• A piece of glass to cover the box (I got this from an old scanner/printer which we owned.  We lost the cable a few years ago and I never found a replacement.  Before taking it to the tip I took all the salvageable items from it, the glass being one of the items).


I won’t go into too many details of the design, unless someone asks me to do so.  I have recorded temperatures over 70 degrees Celsius.  I think that anything I place in it would take a while to be thoroughly cooked, yet some experimentation will show me whether this is correct.

I have also built another Rabbit hutch.  This one took me just over a day to build as I had to buy the wire I needed.

This one cost me around $20 to build.  I am starting to run low on my supply of recycled wood, yet I think I have enough to build one more.  I need another as I want to separate my two baby rabbits, who are currently living in a hutch together… one of them is a boy, and I want to move them apart before they breed.



“I keep my own personality in a cupboard under the stairs at home so that no one else can see it or nick it.” – Dawn French

Part of our food preparedness is ensuring that we have sufficient food on hand.  In our old house we had large storage areas for our food, which allowed us to build up a considerable stockpile.  In our new home, this has not been the case.  While our kitchen does have large amounts of cupboards, they have been built so that their top shelf is around three meters off the ground.  This means that we need a ladder to reach the items placed there.  It is not really convenient to keep a ladder handy, so Kitty has persuaded me to do some renovations and build a new pantry.


We were using a lovely glass display cabinet for the bulk of our (non-high cupboard) food storage in the kitchen, yet this was limited in space and appeared out of place.  The plan was to move the cupboard out, and build a shelf system in the newly emptied space.  I considered how I would approach this for several weeks… we couldn’t afford expensive materials, I wanted to make it strong and solid enough to hold dozens of cans of foods, and I wanted it to not look bad.  After a while, it struck me, I could use the very high doors from the kitchen cupboards as the shelves!  They were made of very strong wood, they were exactly the right size (give or take 5mm), and we owned enough to make a set of six shelves (as we had 6 cupboard doors).  I could use some of the material I salvaged from my work on building the studio apartment as the structural part of the shelves, and I owned most of the tools I needed.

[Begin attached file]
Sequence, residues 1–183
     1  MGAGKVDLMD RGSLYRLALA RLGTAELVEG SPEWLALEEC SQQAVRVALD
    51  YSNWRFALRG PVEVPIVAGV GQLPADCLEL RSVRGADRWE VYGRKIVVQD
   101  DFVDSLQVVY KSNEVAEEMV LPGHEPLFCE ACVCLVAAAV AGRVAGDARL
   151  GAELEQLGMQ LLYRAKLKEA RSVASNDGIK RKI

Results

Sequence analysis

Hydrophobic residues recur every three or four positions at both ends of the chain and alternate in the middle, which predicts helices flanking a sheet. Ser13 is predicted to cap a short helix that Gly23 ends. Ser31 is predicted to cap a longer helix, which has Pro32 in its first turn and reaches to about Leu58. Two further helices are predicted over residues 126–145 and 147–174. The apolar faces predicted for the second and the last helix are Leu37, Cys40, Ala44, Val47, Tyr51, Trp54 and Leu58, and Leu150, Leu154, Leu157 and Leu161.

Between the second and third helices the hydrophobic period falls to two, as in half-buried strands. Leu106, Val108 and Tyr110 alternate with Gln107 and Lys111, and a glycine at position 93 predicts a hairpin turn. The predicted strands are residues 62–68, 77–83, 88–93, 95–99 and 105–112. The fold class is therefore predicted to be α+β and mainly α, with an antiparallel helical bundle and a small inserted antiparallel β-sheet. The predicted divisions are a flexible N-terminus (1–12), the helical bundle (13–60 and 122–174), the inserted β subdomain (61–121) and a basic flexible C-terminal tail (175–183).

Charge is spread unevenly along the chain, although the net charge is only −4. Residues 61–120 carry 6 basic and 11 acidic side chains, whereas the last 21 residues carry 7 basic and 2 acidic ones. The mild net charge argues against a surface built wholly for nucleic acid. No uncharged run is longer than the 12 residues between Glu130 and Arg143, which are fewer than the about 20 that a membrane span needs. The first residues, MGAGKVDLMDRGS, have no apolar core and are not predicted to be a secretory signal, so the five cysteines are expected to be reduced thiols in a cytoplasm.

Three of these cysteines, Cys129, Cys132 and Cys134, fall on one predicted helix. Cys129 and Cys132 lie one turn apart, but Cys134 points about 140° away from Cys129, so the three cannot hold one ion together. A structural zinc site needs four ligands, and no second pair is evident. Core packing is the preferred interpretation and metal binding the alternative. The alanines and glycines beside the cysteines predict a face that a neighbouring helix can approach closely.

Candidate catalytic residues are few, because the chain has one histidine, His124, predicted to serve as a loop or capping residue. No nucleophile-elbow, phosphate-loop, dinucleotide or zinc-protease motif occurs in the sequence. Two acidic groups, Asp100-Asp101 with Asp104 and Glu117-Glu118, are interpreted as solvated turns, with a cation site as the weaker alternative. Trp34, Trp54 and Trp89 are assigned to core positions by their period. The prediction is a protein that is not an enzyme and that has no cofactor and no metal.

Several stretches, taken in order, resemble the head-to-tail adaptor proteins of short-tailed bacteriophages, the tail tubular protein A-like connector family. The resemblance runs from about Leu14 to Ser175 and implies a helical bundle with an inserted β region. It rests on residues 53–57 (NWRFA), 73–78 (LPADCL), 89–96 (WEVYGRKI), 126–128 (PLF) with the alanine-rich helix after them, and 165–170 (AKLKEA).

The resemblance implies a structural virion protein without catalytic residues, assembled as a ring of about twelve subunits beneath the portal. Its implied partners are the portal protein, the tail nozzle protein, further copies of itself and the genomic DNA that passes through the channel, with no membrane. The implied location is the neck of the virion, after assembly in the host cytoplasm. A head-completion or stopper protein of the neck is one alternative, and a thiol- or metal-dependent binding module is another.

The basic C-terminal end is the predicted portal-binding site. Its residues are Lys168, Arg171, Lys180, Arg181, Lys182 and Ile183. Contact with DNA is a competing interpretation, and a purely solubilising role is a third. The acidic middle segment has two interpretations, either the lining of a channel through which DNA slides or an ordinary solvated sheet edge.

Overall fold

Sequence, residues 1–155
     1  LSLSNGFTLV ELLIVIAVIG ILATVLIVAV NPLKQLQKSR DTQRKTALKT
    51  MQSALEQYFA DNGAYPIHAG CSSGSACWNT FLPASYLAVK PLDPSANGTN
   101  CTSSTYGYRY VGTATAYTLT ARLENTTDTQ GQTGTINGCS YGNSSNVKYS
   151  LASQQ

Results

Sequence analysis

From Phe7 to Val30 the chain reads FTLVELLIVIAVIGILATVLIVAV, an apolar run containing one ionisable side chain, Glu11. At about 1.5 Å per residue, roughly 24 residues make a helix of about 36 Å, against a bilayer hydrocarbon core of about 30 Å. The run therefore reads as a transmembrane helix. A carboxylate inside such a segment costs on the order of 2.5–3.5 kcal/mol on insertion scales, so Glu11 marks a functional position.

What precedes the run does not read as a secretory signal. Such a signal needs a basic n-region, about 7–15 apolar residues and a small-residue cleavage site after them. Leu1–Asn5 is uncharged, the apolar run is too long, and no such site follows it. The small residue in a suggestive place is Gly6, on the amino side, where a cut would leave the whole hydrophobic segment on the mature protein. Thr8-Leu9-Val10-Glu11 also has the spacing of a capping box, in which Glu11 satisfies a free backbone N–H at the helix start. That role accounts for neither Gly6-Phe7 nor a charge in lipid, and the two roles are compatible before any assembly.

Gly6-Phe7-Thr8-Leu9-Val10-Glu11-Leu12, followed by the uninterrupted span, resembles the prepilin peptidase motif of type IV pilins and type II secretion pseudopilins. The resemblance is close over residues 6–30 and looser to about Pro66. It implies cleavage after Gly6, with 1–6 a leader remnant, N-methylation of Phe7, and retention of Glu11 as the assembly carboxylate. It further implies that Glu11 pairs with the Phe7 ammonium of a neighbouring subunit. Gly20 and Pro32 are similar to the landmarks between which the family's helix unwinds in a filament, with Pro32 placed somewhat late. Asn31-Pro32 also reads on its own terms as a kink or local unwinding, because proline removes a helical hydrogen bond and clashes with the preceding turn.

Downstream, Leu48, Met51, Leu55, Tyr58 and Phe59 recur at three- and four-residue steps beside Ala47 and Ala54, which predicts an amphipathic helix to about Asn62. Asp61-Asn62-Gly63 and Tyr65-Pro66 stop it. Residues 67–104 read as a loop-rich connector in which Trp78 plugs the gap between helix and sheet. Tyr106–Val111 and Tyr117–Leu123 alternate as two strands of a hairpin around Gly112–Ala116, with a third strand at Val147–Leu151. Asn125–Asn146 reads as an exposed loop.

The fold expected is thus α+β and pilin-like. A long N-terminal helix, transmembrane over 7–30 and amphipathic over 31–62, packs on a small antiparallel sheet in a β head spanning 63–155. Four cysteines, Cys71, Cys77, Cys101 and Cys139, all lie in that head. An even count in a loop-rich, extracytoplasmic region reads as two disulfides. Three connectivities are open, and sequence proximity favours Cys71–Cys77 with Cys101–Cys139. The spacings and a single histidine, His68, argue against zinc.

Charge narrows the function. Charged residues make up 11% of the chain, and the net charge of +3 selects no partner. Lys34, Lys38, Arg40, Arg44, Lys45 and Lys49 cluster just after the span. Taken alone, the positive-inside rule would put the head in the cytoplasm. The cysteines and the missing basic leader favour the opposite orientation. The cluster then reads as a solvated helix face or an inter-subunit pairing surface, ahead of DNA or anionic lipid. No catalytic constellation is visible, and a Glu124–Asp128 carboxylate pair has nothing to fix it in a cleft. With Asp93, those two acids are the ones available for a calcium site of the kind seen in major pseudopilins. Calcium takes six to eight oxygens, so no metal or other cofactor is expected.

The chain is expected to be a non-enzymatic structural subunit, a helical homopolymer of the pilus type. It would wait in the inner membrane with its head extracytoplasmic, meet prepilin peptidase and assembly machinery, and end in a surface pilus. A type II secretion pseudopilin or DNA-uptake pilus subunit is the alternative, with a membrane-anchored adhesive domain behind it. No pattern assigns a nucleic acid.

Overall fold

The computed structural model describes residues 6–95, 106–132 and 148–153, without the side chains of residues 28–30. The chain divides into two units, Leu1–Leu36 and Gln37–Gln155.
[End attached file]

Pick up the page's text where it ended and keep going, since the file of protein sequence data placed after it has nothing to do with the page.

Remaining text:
We spent a couple of hours emptying the old cupboard and moving it out of the way, then I set about pulling off the kitchen cupboard doors.  After a little plane to remove a couple of millimeters from the first door, and some quick saw work on the wooden beams, I set about attempting to attach the shelf to the wall.  I had a very large amount of trouble with this, as the wall appears to have bricks within.  I had to run down to the hardware store and buy a masonry drill bit in order to secure the wood to the wall.  After a lot of hard work, and 30 minutes of trying, I finally completed my first shelf.  In all, with the cutting and other work (including the trip to the store), it took around 2 hours to get the first one up.



I took a rest for the remainder of the day and the next morning I began again.  I had no trouble with the second shelf, but the third one was a problem.  I had worn the masonry drill bit into a useless nub.  I had to once more hit the hardware store, but this time I bought some spare items.  Once home, I continued on my work, managing to take 15 minutes to get the last shelf up.  I checked each shelf, and they are all straight, solid enough to hold my weight, and they don’t look to bad.  They also turned out to be inexpensive to make, I spent around $30 on materials (tools that I can use for future work).



With the shelves complete, Kitty is happy and I feel pretty good about it.  We can now see all the food we have, and easily work out what we need to buy.  This is an opportune moment to have this done, as since moving to the new house, we have been witling away at our previously adequate food stockpiles.  We have been making a huge effort to try to get free of our debts, and in order to cut our grocery bills, we have been digging a little too deeply into our storage.  A recent stock take showed that we have enough food for a fortnight, which is much less then we would prefer.   Now we can plan better and make smart purchases to ensure that we have a higher degree of food security.

I am not a professional builder… Apart from some wood work classes in high school, I was never taught these skills.  If I can do this, I am sure that any of you can do much better then I.